What’s In A Vending Machine In Zagreb?
Alyx dares to find out. She eats strange candy so you don’t have to.
Part 1 of what should be a sporadic series – culinary experiences from the vending machines of foreign lands. This batch hails from Zagreb, Croatia, and I’ve attempted to select a cross-section of savory and sweet Southern European snack offerings. Ratings are on a scale from one to five kunas (that being the currency of Croatia), on a scale with one being effectively unpalatable, and five being an ideal staple of every diet.
Napolitanke, Hazelnut Flavor
Product of Croatia.
This was the first product I tried, as I had it on good authority that the chocolate flavored ones weren’t bad. I ate one for dessert after dinner, went out for a run and suffered horrible abdominal cramps. The next day, some combination of bravado and the knowledge that I have no business running on a full stomach anyway led me to conclude it probably wasn’t the Napolitanke, so I had a few more of them. I’ve since finished the box. These are pretty good, if a bit dry, sugar wafers with a thin hazelnut (think Nutella) filling between layers. Good with coffee. Four kunas. Would the rating have been higher if not for the stomach cramps? Maybe.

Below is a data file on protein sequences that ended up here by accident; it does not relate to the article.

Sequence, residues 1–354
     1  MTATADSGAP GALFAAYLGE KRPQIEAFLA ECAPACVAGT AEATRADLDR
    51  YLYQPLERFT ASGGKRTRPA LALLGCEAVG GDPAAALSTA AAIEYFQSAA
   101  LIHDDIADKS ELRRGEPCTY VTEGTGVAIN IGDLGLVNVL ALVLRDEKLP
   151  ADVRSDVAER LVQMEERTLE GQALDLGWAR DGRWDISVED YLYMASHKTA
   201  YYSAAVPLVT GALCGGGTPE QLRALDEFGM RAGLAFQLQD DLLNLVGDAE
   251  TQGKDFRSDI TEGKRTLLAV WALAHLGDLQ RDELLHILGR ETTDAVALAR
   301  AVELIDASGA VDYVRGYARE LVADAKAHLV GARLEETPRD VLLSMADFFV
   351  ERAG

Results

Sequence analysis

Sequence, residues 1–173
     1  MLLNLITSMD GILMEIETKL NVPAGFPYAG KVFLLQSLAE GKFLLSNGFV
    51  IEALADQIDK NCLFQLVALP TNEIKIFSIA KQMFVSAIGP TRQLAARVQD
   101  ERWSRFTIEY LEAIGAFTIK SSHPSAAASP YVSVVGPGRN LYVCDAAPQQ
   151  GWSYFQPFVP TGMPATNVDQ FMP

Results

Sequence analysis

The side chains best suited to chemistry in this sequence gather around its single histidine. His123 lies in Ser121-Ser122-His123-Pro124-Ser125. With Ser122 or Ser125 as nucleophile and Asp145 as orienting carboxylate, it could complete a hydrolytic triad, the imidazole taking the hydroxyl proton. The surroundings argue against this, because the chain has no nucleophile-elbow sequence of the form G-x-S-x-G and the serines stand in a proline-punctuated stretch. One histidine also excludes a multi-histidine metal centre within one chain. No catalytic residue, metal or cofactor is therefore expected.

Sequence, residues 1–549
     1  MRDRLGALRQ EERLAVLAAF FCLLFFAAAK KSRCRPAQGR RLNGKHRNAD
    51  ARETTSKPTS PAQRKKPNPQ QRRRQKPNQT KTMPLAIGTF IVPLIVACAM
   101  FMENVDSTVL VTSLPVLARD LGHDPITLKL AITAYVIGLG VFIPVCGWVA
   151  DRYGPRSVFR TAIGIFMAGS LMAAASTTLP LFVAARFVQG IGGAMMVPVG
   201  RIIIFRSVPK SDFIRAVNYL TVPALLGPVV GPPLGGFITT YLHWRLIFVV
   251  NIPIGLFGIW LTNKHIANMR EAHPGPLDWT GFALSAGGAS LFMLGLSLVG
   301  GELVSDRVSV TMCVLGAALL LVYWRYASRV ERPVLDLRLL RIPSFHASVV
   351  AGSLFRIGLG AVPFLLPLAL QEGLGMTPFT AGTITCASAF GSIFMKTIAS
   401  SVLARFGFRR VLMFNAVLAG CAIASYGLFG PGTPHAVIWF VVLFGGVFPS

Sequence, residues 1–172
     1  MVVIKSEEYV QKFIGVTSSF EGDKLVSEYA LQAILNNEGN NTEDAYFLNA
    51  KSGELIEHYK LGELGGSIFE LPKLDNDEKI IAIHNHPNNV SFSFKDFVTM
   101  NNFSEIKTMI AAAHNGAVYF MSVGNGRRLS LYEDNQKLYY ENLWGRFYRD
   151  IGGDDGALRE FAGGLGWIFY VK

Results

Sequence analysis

Euro Crem Blok
Product of Yugoslavia.
If these first two products are any indication, don’t order dessert in Eastern Europe if you’re allergic to hazelnuts. This is a candy bar with a layer of hazelnut cream sandwiched between two layers of chocolate. I have only one thing to say: Wow. This was good. This is what a Cadbury Cream Egg should taste like. This is the standard to which American chocolate manufacturers should aspire. Four and a half kunas, my only complaint being that the filling could use just a bit less sugar.
Kandit Rum (the candy bar lying on top of the Napolitanke)
Product of Croatia
Since I had such luck with the other candy, I tried this one next. Yuck. There’s a vague, sickly rum flavor to this horribly inferior Twix bar. Any self-respecting pirate wouldn’t even use this as a peg leg. I pity the Croatians if they have to get this in lieu of Euro Crem Bloks. One kuna (and one more Euro Crem Blok I can use to get the taste of this out of my mouth, please?)
Stobi Flips (sample one lying to left of bag on Napolitanke box)
Product of Macedonia
These are fried corn puffs, flavored like peanuts. I grew up close enough to the Dirty South to think this is an acceptable idea. I ate a handful of these. Definitely edible, good with beer, and you could probably add them to your Chex Mix for variety. Off-brand cheese puff fans would probably like these pretty well, as they have that over-corned, airy taste. Two and a half kunas.
Kviki Ribice (sample one lying to right of bag on Napolitanke box)
Product of Croatia
Speckled, Goldfish-shaped crackers. First, I have to give props for the cartoon on the front. They’re seasoned with poppy seeds and sugar. Tasted a bit like bagel chips, except nowhere near as crunchy. A bit powdery and dry. Two kunas; thoroughly unremarkable.
Proceed to installment 2 in our candy reviews series: Chinese Candy!